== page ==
The Tax Foundation released its annual ranking of states based on their overall business tax climate and placed Connecticut 47th in the country, besting both New York and New Jersey but falling short of other Northeastern neighbors.
The rankings were based on personal income, sales, corporate, property and unemployment insurance taxes, which were weighted in that order. The scores are relative to other states and are based on state taxes as of July 1, 2020.
Connecticut scored roughly average for its corporate, sales and unemployment taxes, but very low for its personal income tax and dead last for property taxes.
Connecticut’s property tax collection per capita was $3,020, the third highest in the country behind New Hampshire and New Jersey.
Connecticut also scored poorly because it remains the only state in the nation with a gift tax which “heavily impacts individuals who have sole proprietorships, S corporations, and LLCs,” the study notes.
Tax Foundation authors Jared Walczak and Janelle Cammenga wrote that state income taxes are important because a “significant number of businesses” report their income as individual income taxes, and income taxes “reduce the quantity and quality of the labor pool.”
Although not mentioned in the report, Connecticut lawmakers in 2018 devised a complicated work-around to federal state and local tax deduction limitations imposed by President Donald Trump’s tax bill, which affected pass-through entities who report their business earnings as personal income.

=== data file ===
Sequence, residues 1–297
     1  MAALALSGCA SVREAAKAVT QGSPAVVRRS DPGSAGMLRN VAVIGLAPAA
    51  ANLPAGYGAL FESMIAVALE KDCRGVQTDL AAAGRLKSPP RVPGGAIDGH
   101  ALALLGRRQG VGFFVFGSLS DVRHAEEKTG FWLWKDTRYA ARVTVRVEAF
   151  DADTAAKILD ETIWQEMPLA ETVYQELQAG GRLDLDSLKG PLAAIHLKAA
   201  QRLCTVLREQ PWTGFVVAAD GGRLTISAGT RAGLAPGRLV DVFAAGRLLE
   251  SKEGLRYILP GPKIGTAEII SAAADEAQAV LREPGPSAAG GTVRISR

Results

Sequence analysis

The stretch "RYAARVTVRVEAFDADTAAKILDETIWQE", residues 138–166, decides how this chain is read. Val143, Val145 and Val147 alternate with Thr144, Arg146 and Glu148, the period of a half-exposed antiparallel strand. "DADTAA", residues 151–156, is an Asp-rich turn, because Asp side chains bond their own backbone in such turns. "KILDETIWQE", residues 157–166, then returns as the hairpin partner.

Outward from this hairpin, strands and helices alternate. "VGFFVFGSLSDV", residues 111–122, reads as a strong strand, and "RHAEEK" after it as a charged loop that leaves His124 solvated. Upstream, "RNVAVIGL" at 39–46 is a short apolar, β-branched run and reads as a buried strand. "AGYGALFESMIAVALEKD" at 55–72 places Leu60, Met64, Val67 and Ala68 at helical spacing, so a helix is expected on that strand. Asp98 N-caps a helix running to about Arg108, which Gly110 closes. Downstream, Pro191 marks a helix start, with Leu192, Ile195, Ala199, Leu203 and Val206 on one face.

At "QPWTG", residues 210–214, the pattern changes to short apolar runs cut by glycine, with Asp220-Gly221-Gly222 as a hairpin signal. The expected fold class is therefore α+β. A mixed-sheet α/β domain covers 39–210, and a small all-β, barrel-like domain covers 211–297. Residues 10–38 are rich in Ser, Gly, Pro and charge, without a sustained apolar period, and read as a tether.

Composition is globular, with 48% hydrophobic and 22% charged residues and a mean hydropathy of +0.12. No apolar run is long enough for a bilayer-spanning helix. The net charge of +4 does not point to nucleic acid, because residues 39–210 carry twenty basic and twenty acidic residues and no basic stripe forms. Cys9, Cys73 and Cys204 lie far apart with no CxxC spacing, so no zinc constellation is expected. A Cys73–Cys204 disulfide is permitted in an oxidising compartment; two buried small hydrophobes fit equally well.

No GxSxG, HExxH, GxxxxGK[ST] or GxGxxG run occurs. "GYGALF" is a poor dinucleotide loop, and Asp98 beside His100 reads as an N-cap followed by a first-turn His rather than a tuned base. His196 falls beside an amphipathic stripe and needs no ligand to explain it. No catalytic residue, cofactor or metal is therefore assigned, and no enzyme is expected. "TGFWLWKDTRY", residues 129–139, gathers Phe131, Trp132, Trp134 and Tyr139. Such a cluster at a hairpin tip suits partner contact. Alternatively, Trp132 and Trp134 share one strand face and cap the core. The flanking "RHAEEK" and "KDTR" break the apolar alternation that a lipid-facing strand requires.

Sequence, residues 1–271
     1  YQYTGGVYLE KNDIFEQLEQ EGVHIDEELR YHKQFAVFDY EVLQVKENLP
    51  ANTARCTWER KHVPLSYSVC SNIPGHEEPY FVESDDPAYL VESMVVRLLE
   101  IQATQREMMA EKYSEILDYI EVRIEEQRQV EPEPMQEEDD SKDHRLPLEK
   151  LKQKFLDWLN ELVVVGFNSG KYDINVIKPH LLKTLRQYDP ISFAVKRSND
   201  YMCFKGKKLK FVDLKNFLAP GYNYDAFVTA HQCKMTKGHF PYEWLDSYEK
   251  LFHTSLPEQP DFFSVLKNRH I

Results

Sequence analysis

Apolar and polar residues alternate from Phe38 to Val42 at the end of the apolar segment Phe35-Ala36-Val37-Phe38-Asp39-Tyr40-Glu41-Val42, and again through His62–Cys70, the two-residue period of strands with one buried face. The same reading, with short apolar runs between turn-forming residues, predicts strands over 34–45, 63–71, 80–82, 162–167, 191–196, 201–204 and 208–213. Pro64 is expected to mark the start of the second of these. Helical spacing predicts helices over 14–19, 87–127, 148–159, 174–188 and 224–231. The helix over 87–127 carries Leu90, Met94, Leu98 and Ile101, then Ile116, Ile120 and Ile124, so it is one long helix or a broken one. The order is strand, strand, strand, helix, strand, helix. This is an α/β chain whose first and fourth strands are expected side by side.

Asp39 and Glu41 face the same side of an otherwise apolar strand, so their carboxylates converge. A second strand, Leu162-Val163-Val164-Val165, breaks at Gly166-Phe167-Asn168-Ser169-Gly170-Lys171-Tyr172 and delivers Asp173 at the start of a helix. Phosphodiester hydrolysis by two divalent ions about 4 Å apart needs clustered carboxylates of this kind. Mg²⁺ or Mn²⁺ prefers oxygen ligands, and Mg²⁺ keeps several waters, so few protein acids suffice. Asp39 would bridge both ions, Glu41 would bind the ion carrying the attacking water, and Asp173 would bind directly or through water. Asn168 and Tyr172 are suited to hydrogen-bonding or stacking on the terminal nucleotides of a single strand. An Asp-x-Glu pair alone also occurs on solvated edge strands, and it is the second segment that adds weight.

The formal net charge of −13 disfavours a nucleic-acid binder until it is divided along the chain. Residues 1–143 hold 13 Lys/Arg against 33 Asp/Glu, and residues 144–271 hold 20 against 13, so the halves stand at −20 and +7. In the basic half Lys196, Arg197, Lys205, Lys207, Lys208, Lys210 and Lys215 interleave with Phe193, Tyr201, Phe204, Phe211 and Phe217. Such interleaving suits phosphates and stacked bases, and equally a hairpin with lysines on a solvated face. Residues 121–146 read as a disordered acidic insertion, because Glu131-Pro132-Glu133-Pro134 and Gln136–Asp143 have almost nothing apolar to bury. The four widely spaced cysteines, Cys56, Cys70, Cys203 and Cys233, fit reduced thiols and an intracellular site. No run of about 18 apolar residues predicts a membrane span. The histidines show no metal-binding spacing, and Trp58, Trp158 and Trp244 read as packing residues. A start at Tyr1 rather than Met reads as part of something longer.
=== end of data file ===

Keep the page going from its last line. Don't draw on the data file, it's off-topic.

Qualifying businesses would be taxed at the corporate rate and then receive a 93 percent credit back from the state. In 2019 Democrats voted to reduce the credit to 87 percent, essentially raising their tax burden and angering businesses owners and business associations.
“It is important to remember that even in our global economy, states’ stiffest competition often come from other states,” the authors wrote. “The Department of Labor reports that most mass job relocations are from one U.S. state to another rather to foreign location.”
Massachusetts ranked 34th in the country, and although it ranked worse than Connecticut for corporate taxes and unemployment insurance, the state ranked very high for its flat personal income tax and its sales tax.
Connecticut, which saw loss of General Electric, Alexion Pharmaceuticals and United Technologies’ headquarters to Massachusetts over the past ten years, ranked 22nd for corporate taxes.
Connecticut’s corporate tax surcharge was meant to sunset this year, but Gov. Ned Lamont has proposed retaining the $22 million tax in response to the COVID-19 pandemic that depleted tax revenue.
Florida, generally the largest beneficiary of Connecticut’s loss of individuals and families, ranked 4th on the list, boasting no income tax and very low corporate, property and unemployment taxes.
Some very wealthy and high-profile investors decamped to Florida from Connecticut, including Paul Tudor Jones, Thomas Peterffy and Barry Sternlicht, whose personal net worth was in the billions.
Connecticut lost a net $2.6 billion in adjusted gross income to other states in 2015 and $1.1 billion in 2017. $2.7 billion of the cumulative loss of those two years went to Florida, according to the Internal Revenue Service.
“Every tax law will in some way change a state’s competitive position relative to its immediate neighbors, its region, and even globally,” the authors wrote. “Ultimately, it will affect the state’s national standing as a place to live and to do business. Entrepreneurial states can take advantage of the tax increases of their neighbors to lure businesses out of high-tax states.”